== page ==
A: Initially it was about the de-regulation of the WA grain pool.
Back in the day, barley and lupins were prescribed grains - they had to be surrendered to the grain pool for marketing.
Then, of course, along came canola which, by default, ended up in the hands of the grains pool as well.
We thought it would be better for farmers to have more marketing options than just surrendering our grain to one statutory marketer, so the grain pool was the first statutory organisation where we could test if their competency was of any great benefit to the industry.
Once the grain pool fell the wheat board was deemed the next target and that ultimately reigned for 10-plus years with the wheat market being deregulated in 2008 by then agriculture minister Tony Burke.
Q: You were a self-employed farmer from 1990 to 2013. Can you tell me about how some of your experiences during that period affected your political views?
A: The deregulation of the reserve price scheme for wool caused a massive crash in the wool price in 1990.
The Wool Corporation was levying growers up to 25pc to effectively buy their own wool and stockpile it until the market went up and, of course, the market didn't go up - the market kept on going down and the Wool Corporation became insolvent.
The Federal government had to step in and there was a five million bale stockpile, which was equivalent to one year's production at that time - so that's probably equivalent to two years' production today, as the wool industry is half of what it was 30 years ago.
That depressed the price for the next 10 years until they got rid of the wool stockpile.
I was in my twenties and early thirties when that happened, so it was the sort of experience where I was convinced that governments should get out of the way and let private enterprise get on with the business of business.
My experience with government intervention is that the results are often catastrophic and a lot of that goes back to my days with the PGA.
I think the main threat to agriculture going ahead is the interference by politicians, particularly as we move to these carbon emission reduction targets.
I was in a briefing several years ago with a CSIRO scientist who made the claim that grain production in southern Australia would fall by 30pc over the next 20 years, and that WA, because of the declining rainfall in the south west of WA, would fall by a greater extent.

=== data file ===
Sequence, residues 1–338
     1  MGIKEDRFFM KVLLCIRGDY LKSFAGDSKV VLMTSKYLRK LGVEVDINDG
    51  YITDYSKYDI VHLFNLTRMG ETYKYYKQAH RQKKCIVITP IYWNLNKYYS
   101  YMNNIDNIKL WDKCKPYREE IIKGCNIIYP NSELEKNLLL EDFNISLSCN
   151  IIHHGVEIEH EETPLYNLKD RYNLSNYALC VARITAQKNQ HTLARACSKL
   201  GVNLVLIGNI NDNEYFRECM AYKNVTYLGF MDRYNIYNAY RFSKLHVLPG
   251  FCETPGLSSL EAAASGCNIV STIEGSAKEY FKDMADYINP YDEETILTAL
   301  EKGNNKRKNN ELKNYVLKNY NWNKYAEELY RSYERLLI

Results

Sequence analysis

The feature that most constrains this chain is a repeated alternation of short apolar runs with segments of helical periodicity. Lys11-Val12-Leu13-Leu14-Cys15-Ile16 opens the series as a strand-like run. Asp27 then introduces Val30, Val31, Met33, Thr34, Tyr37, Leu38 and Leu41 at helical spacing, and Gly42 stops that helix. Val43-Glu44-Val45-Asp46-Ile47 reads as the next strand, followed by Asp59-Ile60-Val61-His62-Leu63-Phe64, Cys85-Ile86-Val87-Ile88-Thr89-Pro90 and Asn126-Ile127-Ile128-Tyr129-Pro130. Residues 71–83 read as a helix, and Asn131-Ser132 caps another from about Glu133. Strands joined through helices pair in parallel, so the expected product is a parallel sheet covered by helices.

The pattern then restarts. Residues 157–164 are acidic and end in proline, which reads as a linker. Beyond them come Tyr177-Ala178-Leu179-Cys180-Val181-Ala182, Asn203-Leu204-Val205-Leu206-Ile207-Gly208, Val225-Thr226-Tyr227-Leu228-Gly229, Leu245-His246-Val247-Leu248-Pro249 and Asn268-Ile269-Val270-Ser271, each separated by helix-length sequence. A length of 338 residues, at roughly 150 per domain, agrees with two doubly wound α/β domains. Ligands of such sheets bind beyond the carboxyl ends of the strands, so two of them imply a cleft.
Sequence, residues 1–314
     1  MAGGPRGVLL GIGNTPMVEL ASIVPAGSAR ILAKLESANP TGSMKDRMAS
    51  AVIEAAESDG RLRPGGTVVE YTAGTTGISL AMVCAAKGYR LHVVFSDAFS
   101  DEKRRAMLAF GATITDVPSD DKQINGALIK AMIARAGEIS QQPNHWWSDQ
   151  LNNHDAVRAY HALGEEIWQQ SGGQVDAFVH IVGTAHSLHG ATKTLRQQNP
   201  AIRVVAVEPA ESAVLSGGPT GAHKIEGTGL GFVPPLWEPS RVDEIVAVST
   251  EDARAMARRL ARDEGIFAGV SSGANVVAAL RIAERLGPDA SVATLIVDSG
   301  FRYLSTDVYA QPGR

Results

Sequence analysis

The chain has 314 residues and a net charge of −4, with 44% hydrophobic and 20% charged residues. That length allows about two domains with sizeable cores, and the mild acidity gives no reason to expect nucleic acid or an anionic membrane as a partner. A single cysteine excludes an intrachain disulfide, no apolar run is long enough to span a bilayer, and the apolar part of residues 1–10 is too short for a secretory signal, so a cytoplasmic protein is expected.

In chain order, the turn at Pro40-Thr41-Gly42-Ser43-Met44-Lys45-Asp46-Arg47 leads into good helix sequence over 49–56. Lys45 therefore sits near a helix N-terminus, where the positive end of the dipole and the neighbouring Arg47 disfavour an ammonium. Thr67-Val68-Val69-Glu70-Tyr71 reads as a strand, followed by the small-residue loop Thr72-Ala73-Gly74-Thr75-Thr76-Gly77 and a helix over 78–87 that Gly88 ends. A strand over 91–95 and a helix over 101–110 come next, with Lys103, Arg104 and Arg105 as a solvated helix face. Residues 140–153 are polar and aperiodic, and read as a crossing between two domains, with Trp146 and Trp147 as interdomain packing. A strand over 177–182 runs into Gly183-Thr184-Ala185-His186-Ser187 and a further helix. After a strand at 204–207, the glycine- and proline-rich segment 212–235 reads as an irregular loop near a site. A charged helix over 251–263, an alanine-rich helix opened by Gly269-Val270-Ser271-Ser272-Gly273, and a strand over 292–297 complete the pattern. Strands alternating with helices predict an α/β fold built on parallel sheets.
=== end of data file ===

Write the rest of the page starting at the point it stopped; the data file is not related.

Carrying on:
I told them at the time that that prediction was wrong and since that advice was given WA initially produced a 18.5 million tonne record crop and then, just last year, a 22.5mt crop.
The problem with governments accepting advice like that from bureaucrats, who actually don't have a clue, is they then make decisions based on that advice.
For example, when governments are deciding to invest in transport infrastructure and the CSIRO has told them that the grain crop in WA will decrease significantly, that has consequences and we are seeing some of those consequences playing out at the moment where we have a record crop that we can't get to the port.
These are some of the political threats that I see facing agriculture.
There are very few people in parliament who have the sort of experience that I have in terms of practical onfarm experience and understanding of the broader industry.
I do have concerns for farming going forward that uninformed members of parliament will make decisions about agriculture which can't be sustained.
I think Western Australian grain farmers, in particular, are amazing and will certainly produce a 30mt crop within the next 10 years, as has been predicted by CBH.
When I see bureaucrats giving advice to the government which is plainly out of whack with what I see on the ground on a daily basis, that causes me great concern.
Q: What sort of job do you think the PGA and WAFarmers are doing in representing the interests of the agricultural industry? Do you think the organisations should join forces so that farmer resources are used more effectively?